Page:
The first significant rains have moved into Houston this afternoon and early evening as 1 to 3 inches have generally fallen across the area during the last six hours.
Houston’s bayous have thus far handled the inflow of rain, no doubt aided by the fact that the region’s parched soils have sucked up some of the water and rainfall rates generally have been less than 1 inch an hour.
If the rains hold steady like this there will be few problems. But will they hold steady or increase in intensity? The answer is that, for some areas, tonight will bring mostly steady rains. But for other areas things will get much more intense.
As expected, Houston today has so far only seen scattered light to moderate rain showers. However during the next few hours heavier storms are going to begin rotating into the region.
This won’t be the main event, but it’s going to soften up our soils for what should be considerably stronger storms later tonight.
Some of the latest forecast modeling continues to suggest the onset of this heavier rain, with rainfall rates of perhaps 3 inches an hour or higher, around 8 or 9 p.m. this evening. Such storms will have the potential to flood streets quickly.
Much of the latest modeling also indicates the very heaviest rains — locations where 10 or more inches might fall tonight — will come along the coast, from Matagorda to Galveston to Chambers and Jefferson counties. That doesn’t rule out inland counties, including Harris County, from such extremes, but that seems to be the way models are trending.
During the last few hours we have also seen favorable conditions for funnel cloud development, and most of the southern half of the Houston metro area is under a tornado watch until 10 p.m. tonight.
I’ll have a comprehensive update on the storms at 7 p.m. tonight.
Patricia has weakened into a tropical depression over central Mexico this afternoon, and it’s continuing to move north-northeast toward Texas. Although its circulation has diminished dramatically, its remnants will combine with an upper-level disturbance moving into Texas from the northwest, and also draw moisture from the Gulf of Mexico.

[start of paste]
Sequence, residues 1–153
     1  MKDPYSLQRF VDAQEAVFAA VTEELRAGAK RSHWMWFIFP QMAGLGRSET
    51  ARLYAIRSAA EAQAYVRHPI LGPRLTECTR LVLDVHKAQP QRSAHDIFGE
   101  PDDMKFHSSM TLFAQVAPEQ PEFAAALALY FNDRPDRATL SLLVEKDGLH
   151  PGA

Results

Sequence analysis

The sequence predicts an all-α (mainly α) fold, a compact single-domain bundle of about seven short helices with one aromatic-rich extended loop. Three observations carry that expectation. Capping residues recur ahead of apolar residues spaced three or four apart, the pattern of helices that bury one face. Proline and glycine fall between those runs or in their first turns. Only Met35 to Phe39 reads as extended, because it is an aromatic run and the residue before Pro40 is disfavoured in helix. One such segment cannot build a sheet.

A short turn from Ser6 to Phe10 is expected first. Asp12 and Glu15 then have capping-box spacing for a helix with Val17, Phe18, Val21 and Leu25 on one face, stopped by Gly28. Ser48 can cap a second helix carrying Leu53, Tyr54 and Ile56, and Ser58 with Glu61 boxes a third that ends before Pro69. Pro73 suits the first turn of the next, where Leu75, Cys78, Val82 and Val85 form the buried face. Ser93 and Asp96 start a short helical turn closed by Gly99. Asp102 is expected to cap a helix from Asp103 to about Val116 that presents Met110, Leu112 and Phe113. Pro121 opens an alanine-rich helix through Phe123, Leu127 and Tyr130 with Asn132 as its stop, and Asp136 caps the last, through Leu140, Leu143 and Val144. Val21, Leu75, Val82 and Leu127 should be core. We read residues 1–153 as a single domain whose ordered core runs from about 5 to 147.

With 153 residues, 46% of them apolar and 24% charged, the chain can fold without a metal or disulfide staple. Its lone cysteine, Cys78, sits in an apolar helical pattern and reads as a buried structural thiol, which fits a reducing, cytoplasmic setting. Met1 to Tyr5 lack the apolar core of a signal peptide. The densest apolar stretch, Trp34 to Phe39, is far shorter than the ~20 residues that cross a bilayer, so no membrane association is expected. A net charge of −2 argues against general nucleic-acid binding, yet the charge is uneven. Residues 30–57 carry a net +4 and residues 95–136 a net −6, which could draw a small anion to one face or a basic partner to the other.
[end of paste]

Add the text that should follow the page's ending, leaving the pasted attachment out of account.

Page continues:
It looks something like this on the surface wind map:
This will lead to a substantial rain event for Texas, including the upper Texas coast. The principal threat remains heavy rain, and more specifically very intense hourly rain rates that exceed the capability of roads and bayous to carry the water away.
The mountainous terrain of Mexico has shredded the once incredibly powerful Hurricane Patricia, and the system is now a tropical storm as it races northeast toward its soggy destiny with Texas. Patricia will combine with a slow moving cool front and ample Gulf moisture to create a potentially dangerous situation tonight in the greater Houston area.
Forecast models continue to predict an extreme rainfall event for the Lone Star State, and it appears increasingly likely the heaviest precipitation today and Sunday will come along the upper Texas coast. To start with, here’s the latest precipitation forecast from NOAA’s Weather Prediction Center, essentially the best estimates from their meteorologists assessing all of the models for rain between this morning and the end of the event on Sunday night:
The first thing you’ll probably notice is a staggering 11-inch bullseye over Galveston County and Galveston Bay. This indicates the kind of very, very heavy rain this system and its associated tropical air mass are capable of.